Snowshoes can be a tripping hazard - especially when snow levels are low

Safety Alert Type: 
Northern Interior
Date of Incident / Close Call: 
Company Name: 
Details of Incident / Close Call: 


  • Using snowshoes at a particular time of year when snow coverage is sparse (i.e., increased exposure to tripping hazards).
  • Substantial amount of blowdown in the block.
  • Minimal protection offered by wearing thin/lightweight pants.
  • Personal First Aid Kits not available in the sterile condition required.

Incident Summary:

  • The crew debated wearing snowshoes during the safety tailgate meeting due to the partial snow levels.
  • The back of the snowshoe got caught on a branch as the employee stepped over a log while laying out a cutblock.
  • The employee fell forward and landed on a broken branch stub, causing a puncture wound just above their knee that required a tetanus shot and 4 stiches to treat.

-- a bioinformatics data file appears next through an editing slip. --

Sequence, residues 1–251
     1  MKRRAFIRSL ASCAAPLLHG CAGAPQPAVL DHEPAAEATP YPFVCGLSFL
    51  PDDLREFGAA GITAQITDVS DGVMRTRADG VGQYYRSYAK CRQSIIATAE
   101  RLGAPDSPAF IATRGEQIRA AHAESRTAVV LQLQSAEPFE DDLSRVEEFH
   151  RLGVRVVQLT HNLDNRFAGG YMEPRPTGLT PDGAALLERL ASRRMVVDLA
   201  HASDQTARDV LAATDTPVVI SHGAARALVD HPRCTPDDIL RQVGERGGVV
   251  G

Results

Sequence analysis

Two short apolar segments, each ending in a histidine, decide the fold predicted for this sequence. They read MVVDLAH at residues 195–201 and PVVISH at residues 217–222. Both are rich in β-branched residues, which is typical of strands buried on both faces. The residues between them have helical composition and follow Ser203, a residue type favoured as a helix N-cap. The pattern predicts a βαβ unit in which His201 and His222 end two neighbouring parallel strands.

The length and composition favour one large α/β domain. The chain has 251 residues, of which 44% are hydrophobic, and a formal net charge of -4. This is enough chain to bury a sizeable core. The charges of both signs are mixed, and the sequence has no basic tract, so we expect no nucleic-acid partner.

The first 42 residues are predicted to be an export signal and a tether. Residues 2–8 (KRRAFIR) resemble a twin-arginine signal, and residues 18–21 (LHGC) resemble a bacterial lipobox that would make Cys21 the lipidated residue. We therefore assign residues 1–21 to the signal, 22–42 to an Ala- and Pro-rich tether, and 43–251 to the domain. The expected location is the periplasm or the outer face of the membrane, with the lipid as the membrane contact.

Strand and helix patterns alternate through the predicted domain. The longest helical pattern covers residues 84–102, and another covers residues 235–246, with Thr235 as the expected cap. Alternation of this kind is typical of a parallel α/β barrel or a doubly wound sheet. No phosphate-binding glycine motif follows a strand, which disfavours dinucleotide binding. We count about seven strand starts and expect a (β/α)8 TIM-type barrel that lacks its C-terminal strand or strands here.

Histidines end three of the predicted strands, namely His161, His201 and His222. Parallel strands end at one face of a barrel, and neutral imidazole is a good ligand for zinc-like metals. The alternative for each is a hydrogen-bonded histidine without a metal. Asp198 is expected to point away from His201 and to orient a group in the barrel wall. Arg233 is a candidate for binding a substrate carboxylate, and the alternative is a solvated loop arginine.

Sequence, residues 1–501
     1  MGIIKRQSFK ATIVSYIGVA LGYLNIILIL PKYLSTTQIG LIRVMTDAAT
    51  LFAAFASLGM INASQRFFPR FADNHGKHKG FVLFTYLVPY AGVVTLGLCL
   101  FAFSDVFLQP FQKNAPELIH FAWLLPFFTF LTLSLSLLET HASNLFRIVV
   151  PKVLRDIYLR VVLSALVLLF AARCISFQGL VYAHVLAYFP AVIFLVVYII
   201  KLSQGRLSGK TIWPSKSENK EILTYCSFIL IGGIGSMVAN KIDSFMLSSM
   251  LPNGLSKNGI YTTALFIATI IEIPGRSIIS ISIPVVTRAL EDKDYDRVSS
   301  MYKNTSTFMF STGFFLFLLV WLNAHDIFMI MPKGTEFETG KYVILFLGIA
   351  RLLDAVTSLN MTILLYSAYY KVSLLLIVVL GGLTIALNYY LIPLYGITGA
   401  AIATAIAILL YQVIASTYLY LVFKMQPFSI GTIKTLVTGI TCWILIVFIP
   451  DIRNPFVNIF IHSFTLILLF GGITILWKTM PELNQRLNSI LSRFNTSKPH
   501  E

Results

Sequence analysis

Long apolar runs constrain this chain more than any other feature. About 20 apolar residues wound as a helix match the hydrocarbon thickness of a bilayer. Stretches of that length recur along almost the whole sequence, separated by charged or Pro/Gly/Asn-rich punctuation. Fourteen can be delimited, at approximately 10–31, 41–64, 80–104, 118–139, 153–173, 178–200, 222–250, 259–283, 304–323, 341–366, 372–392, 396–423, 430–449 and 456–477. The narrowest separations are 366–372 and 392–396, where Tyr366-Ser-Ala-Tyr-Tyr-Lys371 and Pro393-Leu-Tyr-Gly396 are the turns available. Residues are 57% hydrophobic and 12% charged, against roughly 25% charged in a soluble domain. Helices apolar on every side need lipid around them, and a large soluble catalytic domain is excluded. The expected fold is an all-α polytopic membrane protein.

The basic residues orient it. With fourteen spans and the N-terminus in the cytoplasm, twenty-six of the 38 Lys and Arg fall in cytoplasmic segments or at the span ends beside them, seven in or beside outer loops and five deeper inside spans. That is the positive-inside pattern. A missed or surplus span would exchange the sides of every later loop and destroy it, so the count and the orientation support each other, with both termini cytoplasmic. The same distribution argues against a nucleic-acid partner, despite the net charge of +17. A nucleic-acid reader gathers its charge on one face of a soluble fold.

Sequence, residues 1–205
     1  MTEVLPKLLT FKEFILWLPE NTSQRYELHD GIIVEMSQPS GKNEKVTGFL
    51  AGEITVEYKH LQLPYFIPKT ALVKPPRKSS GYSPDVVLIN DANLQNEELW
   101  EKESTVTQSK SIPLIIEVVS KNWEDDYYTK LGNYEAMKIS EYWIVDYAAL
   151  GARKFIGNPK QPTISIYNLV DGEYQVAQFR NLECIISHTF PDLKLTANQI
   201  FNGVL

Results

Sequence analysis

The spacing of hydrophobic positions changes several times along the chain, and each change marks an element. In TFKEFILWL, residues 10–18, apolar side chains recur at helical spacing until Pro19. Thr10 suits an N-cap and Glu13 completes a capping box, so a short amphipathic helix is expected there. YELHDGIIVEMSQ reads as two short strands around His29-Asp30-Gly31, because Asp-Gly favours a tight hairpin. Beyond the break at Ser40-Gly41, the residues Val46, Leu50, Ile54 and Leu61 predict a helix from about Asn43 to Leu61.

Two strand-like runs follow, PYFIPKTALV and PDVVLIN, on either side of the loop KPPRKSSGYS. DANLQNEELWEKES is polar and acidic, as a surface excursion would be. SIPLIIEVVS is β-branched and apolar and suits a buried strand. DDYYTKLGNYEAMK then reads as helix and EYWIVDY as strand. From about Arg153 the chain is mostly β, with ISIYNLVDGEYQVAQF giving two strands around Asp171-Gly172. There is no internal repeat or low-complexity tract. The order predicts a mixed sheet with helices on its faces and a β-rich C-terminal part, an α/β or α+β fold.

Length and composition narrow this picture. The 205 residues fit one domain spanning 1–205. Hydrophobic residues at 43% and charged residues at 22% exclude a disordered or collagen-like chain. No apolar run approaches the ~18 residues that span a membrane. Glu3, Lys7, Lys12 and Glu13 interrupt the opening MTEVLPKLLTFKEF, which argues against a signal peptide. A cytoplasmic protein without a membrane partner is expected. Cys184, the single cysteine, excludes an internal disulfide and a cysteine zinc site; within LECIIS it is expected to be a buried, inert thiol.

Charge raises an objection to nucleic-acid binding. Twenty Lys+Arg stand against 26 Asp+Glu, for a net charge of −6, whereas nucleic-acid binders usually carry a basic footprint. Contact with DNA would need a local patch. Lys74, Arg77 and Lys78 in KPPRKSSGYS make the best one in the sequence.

Learnings and Suggestions: 

Preventative Actions:

  • Looking for an alternate snowshoe design that will limit the opportunity for sticks/branches to get caught up in them (i.e., web less).

Communicate to field crews the following:

  1. The importance of maintaining 3pts of contact at all times when climbing over obstacles.
  2. Encourage them to consider wearing more durable clothing as an additional form of PPE (i.e., Carhartt pants).
  3. The importance of storing First Aid Kits and providing them with weather proof bag/container to do so.
  4. The importance of communicating incidents as per the Abnormality Escalation Process timelines.


For more information on this submitted alert: 

Tyson von den Steinen, RPF - Canadian Forest Products Ltd.

File attachments
Careers | Contact Us | Top | Privacy Statement | Terms and Conditions |
Copyright © 2008-2018 BC Forest Safety Council. All rights reserved.